"In 1833, Wm. thompson settled either at Cherry Grove or Arnold's Grove. If at cherry Grove, he soon sold out and took up the claim of the old Arnold and Henry Strickler places. Levi Walden (or Walker) took up a claim the same year. George Swaggert came the next year, and soon after his arrival his wife died. She had selected the place for her burial, and hers was the first grave in the Cherry Grove graveyard. Garner Moffett came in 1835, and purchased a claim, probably Swaggert's. Moffett lived in the original log house until 1846 or 1848. Wm. Daniels came in 1837, and made a claim on the creek near Lanark, where George Ransover now lives. This was the pioneer claim-away out beyond the frontier line of settlemetn, and was considered a bold move on the part of Mr. Ransover. In 1837, George W. Harris, another Marylander, came to the Grove, more to look after and take care of Hitt's interests than as a settler. He first lived in the old, fort-like house built by Crane, and kept a kind of tavern therein for three years, when he built the old Cherry Grove House for Hitt, which he also occupied for a time, as did also David Emmert in 1840 and 1841. Emmert was succeeded by a Mr. Pierce. John Iler and Peter Meyers came about the same time that Harris came. Some time about 1835 or 1836, a line of stage coaches was established between Galena and Peoria, via Dixon's Ferry. The line was kept up until 1846, and made a station with Harris as long as he remained at Cherry Grove, and when he removed to Plum River, his place there was made a station, also. Emanuel Stover afterwards came into the ownership of the farm on which the Cherry Grove House stood, and either Mr. Stover, or some one to whom he sold it, removed it to Lanark, and it now makes a part of the Taber House barn.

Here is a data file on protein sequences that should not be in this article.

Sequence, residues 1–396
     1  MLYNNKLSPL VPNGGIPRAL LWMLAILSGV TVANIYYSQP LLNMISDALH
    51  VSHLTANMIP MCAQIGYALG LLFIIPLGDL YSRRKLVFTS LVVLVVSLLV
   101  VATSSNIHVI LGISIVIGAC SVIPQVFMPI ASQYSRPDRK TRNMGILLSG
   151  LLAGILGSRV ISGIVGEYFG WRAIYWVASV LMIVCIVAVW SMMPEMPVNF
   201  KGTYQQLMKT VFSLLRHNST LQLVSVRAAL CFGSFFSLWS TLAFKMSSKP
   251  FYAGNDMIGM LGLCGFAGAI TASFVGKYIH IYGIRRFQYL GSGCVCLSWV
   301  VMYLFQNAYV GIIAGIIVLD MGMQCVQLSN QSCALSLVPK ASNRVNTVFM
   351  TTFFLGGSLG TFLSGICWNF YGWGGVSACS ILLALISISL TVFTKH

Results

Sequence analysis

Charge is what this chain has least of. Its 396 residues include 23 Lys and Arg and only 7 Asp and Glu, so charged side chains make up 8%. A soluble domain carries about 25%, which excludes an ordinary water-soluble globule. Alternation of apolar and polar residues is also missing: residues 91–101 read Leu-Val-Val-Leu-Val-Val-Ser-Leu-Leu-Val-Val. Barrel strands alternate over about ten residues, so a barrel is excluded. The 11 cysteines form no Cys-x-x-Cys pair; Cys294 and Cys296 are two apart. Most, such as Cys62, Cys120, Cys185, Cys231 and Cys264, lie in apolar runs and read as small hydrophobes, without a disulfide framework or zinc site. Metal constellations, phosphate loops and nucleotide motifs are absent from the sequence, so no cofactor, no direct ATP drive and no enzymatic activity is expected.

Sarah, daughter of Garner Moffett (now the wife of Emanuel Stover), was born in 1837, and is the oldest native resident of that vicinity.
When Harris left the Grove, he took the claim that is now covered by the farm of Samuel Ludwick, on Plum River. In 1847, he moved to Mt. Carroll, where he was postmaster from 1853 to 1861-eight years, and justice of the peace for a much longer period. He died in 1875. Jas. Mark came without money or property in 1837. In 1841 he was living in an 8 by 10 pole shanty on his claim, east of where H. F. Lowman now lives. Nathan Frisk, Israel Jones, and Bradstreet Robbins made claims about 1838-9. Frisk located on the north side of the Grove, Jones at the Big Springs near Shannon, and Robinson east of the Grove-Jones venturing further out than any settler had ever attempted before. Some time previous to these last-named accession to the Cherry Grove settlement, the father of John Laird either selected or bought a claim. When George Swaggert left the Grove, he bought the claim of Wm. Thompson, who in turn took up the Shultz farm in Woodland, which, a few years later, he sold to Daniel Arnold and Henry Strickler, and in 1838, together with S. M. Hitt and Daniel Christian, bought the Otis and Mathews claim to Mt. Carroll and vicinity, and in 1841-2 lived where Hartman now resides. In later years, he took up the farm two miles southeast of Mt. Carroll, where he died in 1856 or 1857.